And yes… right away we get it- A FAT GUY NO-SOLD SHOULDERBLOCK!!! But only one, as the next staggers Yokozuna, but he actually catches Typhoon with a massive belly-to-belly suplex (unable to clasp his hands all the way, given the huge size of his opponent) and the running legdrop. Typhoon stumbles to his feet and gets distracted by Fuji’s swiping at his foot, and BAM! Avalanche in the corner! And that’s it- Banzai Drop finishes at (1:51). TWO MINUTES.
Man, you can really tell Typhoon was on the job squad on the way out (he’s apparently the Shockmaster only four months later), because he put over Yoko like crazy here. Staggers him with one move but then eats four unanswered moves in a row to go out on his back. Granted this was the “standard babyface finish” for jobbing to Yokozuna at this point- guys apparently unable to detect an incoming 600-pounder because of manager distraction.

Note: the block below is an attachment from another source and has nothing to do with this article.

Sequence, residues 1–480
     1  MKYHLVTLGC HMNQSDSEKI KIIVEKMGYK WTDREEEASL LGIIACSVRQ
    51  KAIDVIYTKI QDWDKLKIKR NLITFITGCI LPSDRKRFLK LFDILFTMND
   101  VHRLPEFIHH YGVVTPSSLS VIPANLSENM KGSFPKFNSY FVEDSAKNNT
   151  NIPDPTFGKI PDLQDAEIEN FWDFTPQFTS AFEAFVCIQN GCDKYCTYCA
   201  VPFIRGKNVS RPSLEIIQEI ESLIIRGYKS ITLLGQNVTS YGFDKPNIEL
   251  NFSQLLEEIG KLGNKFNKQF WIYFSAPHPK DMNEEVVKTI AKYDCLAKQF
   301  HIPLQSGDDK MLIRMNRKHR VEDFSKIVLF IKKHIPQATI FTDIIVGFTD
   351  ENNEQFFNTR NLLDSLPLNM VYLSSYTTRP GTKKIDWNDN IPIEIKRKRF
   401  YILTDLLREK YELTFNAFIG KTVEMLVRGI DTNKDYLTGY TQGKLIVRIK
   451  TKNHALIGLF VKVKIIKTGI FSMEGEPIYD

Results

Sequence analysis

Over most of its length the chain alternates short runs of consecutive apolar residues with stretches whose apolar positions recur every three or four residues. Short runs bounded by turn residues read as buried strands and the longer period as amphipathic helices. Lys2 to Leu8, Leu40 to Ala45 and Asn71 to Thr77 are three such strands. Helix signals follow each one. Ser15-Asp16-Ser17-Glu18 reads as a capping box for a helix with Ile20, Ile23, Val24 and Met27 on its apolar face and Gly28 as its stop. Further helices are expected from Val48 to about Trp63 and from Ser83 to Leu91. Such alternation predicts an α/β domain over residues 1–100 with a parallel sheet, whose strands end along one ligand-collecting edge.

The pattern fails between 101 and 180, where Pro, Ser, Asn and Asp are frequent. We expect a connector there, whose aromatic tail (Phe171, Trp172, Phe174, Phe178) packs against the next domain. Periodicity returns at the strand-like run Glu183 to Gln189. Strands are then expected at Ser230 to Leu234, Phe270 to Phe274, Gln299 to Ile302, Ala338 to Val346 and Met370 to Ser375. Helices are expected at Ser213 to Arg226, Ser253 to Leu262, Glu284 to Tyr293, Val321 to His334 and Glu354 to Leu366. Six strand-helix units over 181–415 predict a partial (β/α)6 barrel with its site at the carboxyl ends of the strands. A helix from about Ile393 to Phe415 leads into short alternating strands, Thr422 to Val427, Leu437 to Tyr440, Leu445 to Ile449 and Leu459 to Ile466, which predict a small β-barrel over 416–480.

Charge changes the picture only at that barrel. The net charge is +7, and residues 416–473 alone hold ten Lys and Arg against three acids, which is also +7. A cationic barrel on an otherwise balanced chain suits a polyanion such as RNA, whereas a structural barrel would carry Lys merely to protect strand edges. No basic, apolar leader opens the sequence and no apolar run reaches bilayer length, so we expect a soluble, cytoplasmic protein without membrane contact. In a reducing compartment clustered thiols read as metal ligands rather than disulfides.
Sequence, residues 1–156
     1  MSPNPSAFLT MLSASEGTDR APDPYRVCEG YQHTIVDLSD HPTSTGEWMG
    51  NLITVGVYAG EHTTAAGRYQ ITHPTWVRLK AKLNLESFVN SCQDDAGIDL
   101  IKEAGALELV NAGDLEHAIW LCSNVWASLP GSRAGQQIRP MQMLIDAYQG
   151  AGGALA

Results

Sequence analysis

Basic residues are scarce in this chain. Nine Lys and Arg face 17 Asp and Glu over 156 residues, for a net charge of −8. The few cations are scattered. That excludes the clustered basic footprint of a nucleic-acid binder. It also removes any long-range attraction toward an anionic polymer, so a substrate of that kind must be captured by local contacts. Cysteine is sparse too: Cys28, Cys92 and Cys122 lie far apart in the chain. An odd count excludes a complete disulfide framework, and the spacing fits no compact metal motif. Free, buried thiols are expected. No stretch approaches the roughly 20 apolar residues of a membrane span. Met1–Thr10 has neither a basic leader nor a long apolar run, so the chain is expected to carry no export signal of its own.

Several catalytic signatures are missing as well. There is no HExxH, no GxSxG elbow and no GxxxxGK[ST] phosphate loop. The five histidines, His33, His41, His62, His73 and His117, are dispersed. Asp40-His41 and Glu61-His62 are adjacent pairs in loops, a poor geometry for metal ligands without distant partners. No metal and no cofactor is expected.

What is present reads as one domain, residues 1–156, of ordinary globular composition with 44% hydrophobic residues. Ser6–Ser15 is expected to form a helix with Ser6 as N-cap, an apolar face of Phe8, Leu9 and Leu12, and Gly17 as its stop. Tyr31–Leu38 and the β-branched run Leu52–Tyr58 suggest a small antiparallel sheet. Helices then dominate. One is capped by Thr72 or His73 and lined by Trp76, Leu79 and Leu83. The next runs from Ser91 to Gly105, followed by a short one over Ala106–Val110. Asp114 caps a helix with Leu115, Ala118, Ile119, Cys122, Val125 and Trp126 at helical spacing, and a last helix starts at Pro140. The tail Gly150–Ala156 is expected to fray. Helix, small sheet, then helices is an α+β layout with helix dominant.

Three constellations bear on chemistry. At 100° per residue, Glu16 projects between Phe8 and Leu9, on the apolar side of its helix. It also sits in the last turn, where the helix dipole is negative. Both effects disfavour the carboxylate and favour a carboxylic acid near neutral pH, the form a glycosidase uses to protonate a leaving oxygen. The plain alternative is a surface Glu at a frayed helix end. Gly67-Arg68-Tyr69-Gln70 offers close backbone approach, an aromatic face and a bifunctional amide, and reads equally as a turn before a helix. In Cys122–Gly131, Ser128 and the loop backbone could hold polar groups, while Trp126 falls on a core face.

Rating: 1/2* (barely even a match- just taunting leading to a finishing sequence. As a young fan I’d feel ripped off, and not just because Typhoon was one of my favorites, lol)
YOKOZUNA vs. TYPHOON:
(WWF Superstars, 07/16/1994)
* A year later and they’re in very different spots- Yokozuna is the dethroned WWF Champion and will spend the latter half of the year feuding with the Undertaker, while Typhoon has left the company, gone to WCW, been the Shockmaster, and is now back after that disaster, mostly to fill dates after Earthquake up and quit after his own comeback.